sunflower_sue 10 years, 7 months ago

I suppose I have taken some classes (not in the traditional sense). Have I benefited? Time will tell.

Fatty_McButterpants 10 years, 7 months ago

Actually, I contacted KU about providing a class to students who are not business or finance majors that would cover things like: insurance, personal finances, mortgages, loans, etc. so the graduates would be well-rounded and able to function literately in today's society. Afterall, the function of a liberal arts degree (yes, I know not everyone is a liberal arts major) is to produce a well-rounded education. Besides the fact that most parents don't really address these issues with their children. If they did we wouldn't have record numbers of college students getting into credit fiascos.

Bassetlover 10 years, 7 months ago

The greatest lesson I learned years ago was from my dad when he was lamenting the free-spending lifestyle of my little sister. He said "She has champagne taste on a beer pocketbook." That really stuck with me and has been the compass of my spending habits ever since then.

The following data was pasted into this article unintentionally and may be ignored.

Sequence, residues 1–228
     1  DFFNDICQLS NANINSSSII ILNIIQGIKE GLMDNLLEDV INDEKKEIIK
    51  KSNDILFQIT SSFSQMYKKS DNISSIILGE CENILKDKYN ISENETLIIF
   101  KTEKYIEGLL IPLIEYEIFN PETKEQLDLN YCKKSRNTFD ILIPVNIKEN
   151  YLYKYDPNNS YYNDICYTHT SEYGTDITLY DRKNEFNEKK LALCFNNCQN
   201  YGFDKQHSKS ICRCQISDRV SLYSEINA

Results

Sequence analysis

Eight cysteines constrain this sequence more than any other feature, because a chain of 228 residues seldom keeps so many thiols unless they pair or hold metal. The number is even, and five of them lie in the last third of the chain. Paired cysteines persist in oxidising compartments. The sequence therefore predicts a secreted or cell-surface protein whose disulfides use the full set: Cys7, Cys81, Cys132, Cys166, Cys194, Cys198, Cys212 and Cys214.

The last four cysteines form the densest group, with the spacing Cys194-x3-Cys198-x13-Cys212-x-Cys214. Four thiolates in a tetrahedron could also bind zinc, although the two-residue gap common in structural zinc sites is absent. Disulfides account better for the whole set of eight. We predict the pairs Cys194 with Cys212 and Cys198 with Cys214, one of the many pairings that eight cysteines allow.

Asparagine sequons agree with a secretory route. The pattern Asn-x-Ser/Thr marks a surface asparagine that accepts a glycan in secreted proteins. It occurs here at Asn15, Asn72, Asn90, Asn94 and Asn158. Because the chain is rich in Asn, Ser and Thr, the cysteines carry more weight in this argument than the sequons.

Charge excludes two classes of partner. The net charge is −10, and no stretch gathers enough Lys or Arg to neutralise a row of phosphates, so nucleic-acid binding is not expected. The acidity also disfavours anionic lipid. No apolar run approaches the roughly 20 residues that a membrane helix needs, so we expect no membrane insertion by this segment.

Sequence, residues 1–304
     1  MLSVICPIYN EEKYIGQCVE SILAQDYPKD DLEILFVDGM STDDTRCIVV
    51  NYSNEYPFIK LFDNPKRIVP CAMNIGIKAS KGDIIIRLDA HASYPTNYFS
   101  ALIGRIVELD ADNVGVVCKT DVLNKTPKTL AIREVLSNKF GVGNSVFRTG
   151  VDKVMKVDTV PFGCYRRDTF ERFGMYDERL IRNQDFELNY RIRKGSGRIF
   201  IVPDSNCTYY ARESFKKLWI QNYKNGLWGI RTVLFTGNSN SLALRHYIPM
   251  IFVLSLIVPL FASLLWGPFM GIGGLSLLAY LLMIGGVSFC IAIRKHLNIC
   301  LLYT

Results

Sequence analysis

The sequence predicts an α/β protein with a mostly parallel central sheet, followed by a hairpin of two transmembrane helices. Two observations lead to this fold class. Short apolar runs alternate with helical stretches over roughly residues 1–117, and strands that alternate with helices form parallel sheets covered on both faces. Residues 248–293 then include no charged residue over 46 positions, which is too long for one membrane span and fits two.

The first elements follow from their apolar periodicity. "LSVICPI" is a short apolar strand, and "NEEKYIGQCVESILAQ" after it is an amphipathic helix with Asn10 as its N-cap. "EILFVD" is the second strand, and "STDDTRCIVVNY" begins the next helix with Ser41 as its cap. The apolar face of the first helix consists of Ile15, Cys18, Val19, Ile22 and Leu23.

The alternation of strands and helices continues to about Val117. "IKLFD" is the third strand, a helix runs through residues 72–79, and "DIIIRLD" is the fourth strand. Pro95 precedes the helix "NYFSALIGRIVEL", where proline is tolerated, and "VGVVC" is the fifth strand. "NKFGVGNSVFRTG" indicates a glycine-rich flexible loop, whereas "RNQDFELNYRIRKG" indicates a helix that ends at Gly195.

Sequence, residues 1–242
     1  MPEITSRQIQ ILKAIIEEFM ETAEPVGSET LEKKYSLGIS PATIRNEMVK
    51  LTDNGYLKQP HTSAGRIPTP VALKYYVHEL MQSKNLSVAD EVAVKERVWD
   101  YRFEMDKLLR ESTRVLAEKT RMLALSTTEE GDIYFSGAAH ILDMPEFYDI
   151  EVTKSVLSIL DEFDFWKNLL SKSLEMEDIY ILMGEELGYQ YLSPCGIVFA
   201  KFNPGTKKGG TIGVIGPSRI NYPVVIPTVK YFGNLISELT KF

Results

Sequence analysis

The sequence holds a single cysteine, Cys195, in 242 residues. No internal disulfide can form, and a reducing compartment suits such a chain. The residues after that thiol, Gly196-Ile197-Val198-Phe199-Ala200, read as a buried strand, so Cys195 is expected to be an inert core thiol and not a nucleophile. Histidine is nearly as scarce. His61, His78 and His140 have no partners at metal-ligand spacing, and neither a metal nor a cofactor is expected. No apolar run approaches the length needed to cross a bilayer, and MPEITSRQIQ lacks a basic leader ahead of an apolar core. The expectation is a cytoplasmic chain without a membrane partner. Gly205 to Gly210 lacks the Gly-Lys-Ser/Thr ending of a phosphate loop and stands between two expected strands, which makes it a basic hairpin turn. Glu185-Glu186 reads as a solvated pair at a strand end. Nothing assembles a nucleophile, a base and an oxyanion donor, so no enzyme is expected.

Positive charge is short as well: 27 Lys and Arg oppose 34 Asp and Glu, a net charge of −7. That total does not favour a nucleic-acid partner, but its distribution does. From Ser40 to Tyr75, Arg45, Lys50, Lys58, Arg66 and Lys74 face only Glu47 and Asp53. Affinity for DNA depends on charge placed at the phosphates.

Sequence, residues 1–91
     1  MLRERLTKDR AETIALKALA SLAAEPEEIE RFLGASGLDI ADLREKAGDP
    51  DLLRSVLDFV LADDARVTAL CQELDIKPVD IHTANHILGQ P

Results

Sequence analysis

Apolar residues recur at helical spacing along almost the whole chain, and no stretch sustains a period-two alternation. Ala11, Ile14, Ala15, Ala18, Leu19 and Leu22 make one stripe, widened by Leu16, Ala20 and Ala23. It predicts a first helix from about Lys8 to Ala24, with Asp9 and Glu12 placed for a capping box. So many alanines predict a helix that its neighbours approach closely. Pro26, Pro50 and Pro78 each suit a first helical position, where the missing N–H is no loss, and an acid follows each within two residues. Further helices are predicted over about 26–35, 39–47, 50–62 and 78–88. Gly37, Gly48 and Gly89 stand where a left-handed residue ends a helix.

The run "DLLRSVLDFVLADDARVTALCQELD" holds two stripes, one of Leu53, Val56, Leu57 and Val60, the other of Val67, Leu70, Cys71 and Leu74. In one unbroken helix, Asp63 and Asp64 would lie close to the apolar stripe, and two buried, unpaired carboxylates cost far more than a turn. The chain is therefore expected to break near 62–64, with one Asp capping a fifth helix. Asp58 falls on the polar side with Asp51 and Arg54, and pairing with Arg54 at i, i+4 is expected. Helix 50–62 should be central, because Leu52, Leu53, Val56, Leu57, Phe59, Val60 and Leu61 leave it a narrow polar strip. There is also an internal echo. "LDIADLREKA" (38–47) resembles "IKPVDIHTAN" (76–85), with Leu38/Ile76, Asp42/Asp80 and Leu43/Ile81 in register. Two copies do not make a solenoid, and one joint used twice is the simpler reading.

Ceallach 10 years, 7 months ago

Good advise, Stew. But it is not really "as simple as realizing all one NEEDS is food, clothing, and shelter." Say you just happen to be in J.C. Penneys, where you happen to see a lovely red leather purse, and it just happens to have silver brads, buckles and pulls, and even a handy-dandy cellphone pocket on the back!!!! Well, you can see the dilemma, right? Also, say you can't boycott the store because . . well, because you have to make a payment on items you previously purchased outside the budget. Walking on by isn't all that simple :):)

countrygirl 10 years, 7 months ago

JCCC has a really good personal finance class taught by Craig Hatch. He actually works for a living and teaches in the evenings. Brings real world experience into the classroom--great instructor.

Ceallach 10 years, 7 months ago

Soooo, Jane, is part of your job description proofing the LJW comment boards?

btw, the Provost doesn't know me . . except from hearing that there is a woman in Strong Hall who works soooo hard that she occasionally needs to take a 3 or 4 minute break to type a few sentences. Although, "exposing" me to him might be in my favor :):)

jonas 10 years, 7 months ago